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Jon W

Slip Casting Model (Master) Material

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Newbie here. I'm going to try slip casting and was wondering about the materials used for my master (is that the right term?). I'll be doing small figurines (about 7 to 8 inches tall) and they'll be separated for mold making and pouring. The sections will be head, torso w/out arms, arms, and finally legs w/feet from the waist down. I see videos of plaster molds made with the master formed using modeling clay that is leather hard and was wondering if that is the only option? I've made a couple of models already using a high quality air dry clay that has hardened and then been coated with clear acrylic spray. I was going to make silicone molds and resin pour them but my daughter does ceramics and I love the slip casting process. Are these "hard" masters usable or are they too brittle? Is the acrylic coating an issue concerning the plaster? The coating makes them quite strong actually. Thanks!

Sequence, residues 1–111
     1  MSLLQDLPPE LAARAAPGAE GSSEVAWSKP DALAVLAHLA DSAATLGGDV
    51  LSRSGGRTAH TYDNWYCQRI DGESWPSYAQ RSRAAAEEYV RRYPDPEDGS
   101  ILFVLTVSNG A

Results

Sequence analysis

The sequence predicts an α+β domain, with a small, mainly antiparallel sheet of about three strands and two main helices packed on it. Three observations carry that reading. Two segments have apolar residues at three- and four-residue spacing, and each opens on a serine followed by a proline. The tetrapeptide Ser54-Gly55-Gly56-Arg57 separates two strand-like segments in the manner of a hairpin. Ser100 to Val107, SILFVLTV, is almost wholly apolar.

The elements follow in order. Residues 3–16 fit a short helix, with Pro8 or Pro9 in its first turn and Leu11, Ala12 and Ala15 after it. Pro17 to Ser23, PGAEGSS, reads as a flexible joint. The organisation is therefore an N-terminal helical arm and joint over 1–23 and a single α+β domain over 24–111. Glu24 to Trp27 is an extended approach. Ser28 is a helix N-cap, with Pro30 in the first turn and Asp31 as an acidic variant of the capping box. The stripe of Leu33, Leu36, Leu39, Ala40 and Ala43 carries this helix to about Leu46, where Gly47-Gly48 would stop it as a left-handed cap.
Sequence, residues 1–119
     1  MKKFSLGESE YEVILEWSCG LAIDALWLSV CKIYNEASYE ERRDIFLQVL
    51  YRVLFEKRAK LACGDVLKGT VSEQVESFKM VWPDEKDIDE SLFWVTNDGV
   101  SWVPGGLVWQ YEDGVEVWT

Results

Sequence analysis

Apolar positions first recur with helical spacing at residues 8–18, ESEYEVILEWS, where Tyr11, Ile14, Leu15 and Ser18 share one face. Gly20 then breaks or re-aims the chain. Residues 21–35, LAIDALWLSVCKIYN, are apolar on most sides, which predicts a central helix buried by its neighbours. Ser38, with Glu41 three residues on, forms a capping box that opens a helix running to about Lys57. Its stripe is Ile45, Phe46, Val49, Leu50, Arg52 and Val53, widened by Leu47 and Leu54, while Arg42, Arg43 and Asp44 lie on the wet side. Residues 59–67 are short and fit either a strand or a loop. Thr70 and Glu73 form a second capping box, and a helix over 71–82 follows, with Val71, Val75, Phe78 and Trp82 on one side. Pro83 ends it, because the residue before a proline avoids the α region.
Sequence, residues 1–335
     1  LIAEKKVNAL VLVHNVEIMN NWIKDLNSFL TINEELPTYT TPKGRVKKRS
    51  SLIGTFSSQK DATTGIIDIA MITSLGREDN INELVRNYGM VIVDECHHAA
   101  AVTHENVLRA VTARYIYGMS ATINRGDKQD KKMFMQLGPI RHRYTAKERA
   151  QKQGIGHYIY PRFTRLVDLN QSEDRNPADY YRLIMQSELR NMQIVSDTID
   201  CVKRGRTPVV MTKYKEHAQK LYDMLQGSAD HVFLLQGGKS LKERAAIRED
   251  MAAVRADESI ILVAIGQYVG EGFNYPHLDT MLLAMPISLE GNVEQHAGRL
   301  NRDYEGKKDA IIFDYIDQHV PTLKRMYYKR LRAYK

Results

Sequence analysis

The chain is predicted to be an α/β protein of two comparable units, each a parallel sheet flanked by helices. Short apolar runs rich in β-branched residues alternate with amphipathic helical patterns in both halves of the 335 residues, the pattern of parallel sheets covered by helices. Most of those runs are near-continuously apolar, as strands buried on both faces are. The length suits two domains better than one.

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I think the answer you received needs some qualification— while it may technically be possible to make a plaster mold using any model, some materials are much easier to use than others. The two main concerns when making plaster molds are: (1) the model shouldn't be made of a porous material (or the plaster will stick to it) and (2) the model should give slightly (or you will have trouble getting it out of the mold intact, especially if the form is complex).


Examples of materials that are too porous to be useful are bisqueware, papier mâché, and untreated wood. Applying a mold release agent, like murphy oil soap, will only help so much with these materials.


Examples of materials that may be too stiff to be removed from the mold without breaking either the model or the mold are thin glass or ceramic and wood (particularly fragile wood, like balsam).


Better options for making models are green clay, modeling clay (oil-based), or carved plaster. If you have an existing model that is too porous or stiff, make a new model of it using silicone.

Edited by Achilles

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